One of the primary attractions of the Samsung D8000 and the new models in general is the Smart Hub, a topic that we have touched on previously. The feature offers a wide range of applications and video-on-demand (VOD) services. While testing we found its implementation to be slick and streamlined. The only blemish was the blinking main page of the Smart Hub whenever you returned to it after closing any app. On the whole though, if Singtel and Starhub follow through on their promise to deliver locally tailored content, the Samsung Smart Hub would definitely become a major selling point.
To delve a little deeper into the Smart Hub’s functionality, applications like YouTube work similarly to the real deal, providing you with options to browse by genres and categories, search and even flag questionable videos. A social media hub is also part of the Smart Hub parcel and is available for those addicted to Twitter and Facebook. Since a TV is accessible by almost anyone in your household, Samsung solves the problem of protecting your online accounts by introducing a SmartID profile for the TV giving you two layers of protection. Both free and paid video-on-demand and television channels are accessible through the Smart Hub as well.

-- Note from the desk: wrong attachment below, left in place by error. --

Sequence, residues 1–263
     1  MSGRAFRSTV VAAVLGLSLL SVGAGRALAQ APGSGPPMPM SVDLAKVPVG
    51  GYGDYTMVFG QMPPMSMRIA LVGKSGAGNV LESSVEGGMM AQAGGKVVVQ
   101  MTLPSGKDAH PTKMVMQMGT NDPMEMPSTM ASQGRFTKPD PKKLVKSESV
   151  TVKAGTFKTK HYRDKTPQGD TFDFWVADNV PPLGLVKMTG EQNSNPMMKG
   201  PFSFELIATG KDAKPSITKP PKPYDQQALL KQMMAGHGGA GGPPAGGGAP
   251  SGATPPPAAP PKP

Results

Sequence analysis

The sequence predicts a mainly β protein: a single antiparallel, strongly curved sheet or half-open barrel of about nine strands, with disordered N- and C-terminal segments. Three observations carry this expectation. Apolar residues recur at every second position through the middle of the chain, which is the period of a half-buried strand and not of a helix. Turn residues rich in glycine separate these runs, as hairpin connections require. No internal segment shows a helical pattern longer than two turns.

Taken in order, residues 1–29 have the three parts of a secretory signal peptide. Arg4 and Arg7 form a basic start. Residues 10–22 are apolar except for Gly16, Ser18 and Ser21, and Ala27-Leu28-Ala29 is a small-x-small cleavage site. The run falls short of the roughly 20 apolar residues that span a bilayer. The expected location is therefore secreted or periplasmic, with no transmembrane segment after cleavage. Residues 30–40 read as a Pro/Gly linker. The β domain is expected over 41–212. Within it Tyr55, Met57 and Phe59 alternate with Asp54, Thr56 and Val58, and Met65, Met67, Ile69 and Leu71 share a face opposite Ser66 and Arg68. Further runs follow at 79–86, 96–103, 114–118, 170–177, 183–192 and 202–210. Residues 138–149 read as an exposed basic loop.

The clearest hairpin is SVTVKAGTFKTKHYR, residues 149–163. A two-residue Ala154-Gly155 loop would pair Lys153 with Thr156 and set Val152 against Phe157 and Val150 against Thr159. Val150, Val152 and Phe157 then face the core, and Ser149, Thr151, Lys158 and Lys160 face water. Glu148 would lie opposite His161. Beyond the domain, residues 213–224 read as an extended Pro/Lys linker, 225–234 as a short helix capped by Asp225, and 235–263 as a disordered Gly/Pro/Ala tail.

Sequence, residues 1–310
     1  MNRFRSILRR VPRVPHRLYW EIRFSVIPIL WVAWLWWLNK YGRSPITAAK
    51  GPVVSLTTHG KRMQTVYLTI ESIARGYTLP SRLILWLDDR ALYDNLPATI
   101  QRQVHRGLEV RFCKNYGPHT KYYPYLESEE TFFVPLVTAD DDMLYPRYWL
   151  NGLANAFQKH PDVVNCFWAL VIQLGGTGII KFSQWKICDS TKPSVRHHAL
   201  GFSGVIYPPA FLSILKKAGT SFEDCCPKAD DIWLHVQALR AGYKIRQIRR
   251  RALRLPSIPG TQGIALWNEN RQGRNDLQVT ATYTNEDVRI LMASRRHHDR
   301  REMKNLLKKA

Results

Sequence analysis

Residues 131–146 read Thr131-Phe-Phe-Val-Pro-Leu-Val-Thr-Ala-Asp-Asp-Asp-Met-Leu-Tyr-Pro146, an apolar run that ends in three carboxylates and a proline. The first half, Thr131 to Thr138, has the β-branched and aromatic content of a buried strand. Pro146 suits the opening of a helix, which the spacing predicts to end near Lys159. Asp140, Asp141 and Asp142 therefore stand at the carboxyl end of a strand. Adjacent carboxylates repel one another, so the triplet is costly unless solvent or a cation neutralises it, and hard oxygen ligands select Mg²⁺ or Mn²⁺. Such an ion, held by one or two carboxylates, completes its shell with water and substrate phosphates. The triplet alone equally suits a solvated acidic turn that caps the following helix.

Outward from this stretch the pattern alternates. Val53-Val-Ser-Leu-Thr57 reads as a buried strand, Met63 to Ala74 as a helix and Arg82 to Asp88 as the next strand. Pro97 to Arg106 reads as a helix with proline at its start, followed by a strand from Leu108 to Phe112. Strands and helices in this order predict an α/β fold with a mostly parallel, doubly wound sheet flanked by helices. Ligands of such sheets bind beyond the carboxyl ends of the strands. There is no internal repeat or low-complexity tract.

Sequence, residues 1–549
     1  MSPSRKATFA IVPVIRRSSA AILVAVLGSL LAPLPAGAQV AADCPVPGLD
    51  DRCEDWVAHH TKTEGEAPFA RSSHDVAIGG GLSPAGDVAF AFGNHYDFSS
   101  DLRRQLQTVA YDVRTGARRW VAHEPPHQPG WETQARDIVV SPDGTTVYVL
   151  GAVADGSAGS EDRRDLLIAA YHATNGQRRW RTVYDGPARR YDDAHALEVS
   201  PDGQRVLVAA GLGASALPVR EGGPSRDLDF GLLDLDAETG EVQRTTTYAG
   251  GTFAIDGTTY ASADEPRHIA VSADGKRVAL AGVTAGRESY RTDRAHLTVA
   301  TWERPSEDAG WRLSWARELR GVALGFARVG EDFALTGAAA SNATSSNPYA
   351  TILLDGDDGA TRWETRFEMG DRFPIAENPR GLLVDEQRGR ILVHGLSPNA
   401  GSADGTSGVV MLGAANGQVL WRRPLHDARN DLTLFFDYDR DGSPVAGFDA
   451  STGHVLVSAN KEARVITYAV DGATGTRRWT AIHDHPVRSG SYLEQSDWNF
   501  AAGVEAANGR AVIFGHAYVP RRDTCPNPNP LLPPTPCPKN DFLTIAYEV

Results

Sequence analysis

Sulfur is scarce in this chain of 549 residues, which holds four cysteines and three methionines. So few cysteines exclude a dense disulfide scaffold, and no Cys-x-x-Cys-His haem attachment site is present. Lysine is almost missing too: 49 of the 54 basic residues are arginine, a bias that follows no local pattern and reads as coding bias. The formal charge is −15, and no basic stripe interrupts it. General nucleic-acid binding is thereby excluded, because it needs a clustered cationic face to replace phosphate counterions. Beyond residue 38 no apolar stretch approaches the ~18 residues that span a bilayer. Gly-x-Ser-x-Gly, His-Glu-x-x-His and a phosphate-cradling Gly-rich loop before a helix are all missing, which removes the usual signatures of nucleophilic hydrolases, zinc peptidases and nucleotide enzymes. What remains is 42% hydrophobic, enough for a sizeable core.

To round-up the features, the Smart Hub also boasts an in-built browser. This however, falls well short of the experience most people would be used to on notebooks and smartphones. Typing with the remote using a T9 dictionary is a chore, made worse by the unresponsive buttons. Both tabbed and cursor versions of scrolling are choppy. Also take note that a software upgrade was required before the browser could function and you might have to do the same as well.
If you've a Samsung Galaxy Tab or Galaxy S mobile phone, you can get Samsung's Smart TV Remore app to help control your TV. This should help in text entry inputs as well. Unfortunately, we didn't have either of them to try it out in time for this review.